The Frankfurt School on Religion: Key Writings by the Major Thinkers

By Brittain, Christopher C. | Anglican Theological Review, Spring 2006 | Go to article overview

The Frankfurt School on Religion: Key Writings by the Major Thinkers


Brittain, Christopher C., Anglican Theological Review


The Frankfurt School on Religion: Key Writings by the Major Thinkers. Edited by Eduardo Mendieta. New York and London: Routledge, 2005. vii + 405 pp. $28.95 (paper).

Religion has once again become a fashionable topic in philosophy and social theory. Many cultural theorists and sociologists are now critical of the presumption that, in modern societies, religious communities and discourse will become increasingly marginalized and irrelevant in the face of scientific knowledge and ethnic pluralism. The Frankfurt School on Religion brings together some of the early sources of this emerging critique of the so-called "secularization thesis." The book represents a significant contribution to rethinking the place of religion in what is referred to as our "post-secular" world. It will be of interest to those concerned with the status of religion in contemporary society, philosophy of religion, moral theory, and the relationship between theology and social theory.

The "Frankfurt School" is the name often given to a diverse group of philosophers and social theorists who assembled in the 1930s at the Institute for Social Research in Frankfurt, Germany. The Institute sought to establish a collaborative and interdisciplinary research program, informed by Marxian "historical materialism," economics, psychoanalysis, philosophy, and aesthetics. Though many of the theorists associated with the "critical theory" of the Frankfurt School were nonpracticing Jews, they consistently displayed a profound interest in religion. Like Karl Marx, they agreed that religion often functions as the "opiate of the masses." But in a society colonized by "instrumental thinking" and consumerism, they also saw religious experience and theological discourse as being among the few places in which concerns for ultimate truth and a just society were retained. As Eduardo Mendieta summarizes in his introduction to the volume, the concept of God in the "negative theology" of these theorists serves to "negate the present Golgotha" of existing unjust social relations (p. 10).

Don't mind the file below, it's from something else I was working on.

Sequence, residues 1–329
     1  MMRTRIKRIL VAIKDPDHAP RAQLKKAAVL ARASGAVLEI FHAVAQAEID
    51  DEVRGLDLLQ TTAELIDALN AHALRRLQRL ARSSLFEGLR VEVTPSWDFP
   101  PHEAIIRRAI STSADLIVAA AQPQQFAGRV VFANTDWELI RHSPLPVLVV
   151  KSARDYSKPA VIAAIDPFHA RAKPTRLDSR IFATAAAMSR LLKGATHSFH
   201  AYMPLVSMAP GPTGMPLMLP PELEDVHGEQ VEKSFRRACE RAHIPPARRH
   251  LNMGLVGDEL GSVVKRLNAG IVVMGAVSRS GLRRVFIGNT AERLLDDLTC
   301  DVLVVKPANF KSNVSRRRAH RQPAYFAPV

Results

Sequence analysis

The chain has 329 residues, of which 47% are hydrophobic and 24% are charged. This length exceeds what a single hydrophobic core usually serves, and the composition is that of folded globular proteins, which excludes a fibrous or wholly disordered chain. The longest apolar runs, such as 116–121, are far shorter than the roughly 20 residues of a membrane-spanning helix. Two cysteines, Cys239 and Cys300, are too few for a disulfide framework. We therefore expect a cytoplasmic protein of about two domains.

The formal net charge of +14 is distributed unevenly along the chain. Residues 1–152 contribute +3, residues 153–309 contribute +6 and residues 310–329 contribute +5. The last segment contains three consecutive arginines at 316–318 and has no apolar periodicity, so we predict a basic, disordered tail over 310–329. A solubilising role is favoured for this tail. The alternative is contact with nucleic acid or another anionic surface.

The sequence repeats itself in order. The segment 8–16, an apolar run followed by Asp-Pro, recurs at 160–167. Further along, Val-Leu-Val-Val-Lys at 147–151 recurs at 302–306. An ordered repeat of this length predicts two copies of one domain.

The Frankfurt School on Religion includes essays by Ernst Bloch and Walter Benjamin, who, though not members of the Institute, greatly influenced the work of its official representatives. …

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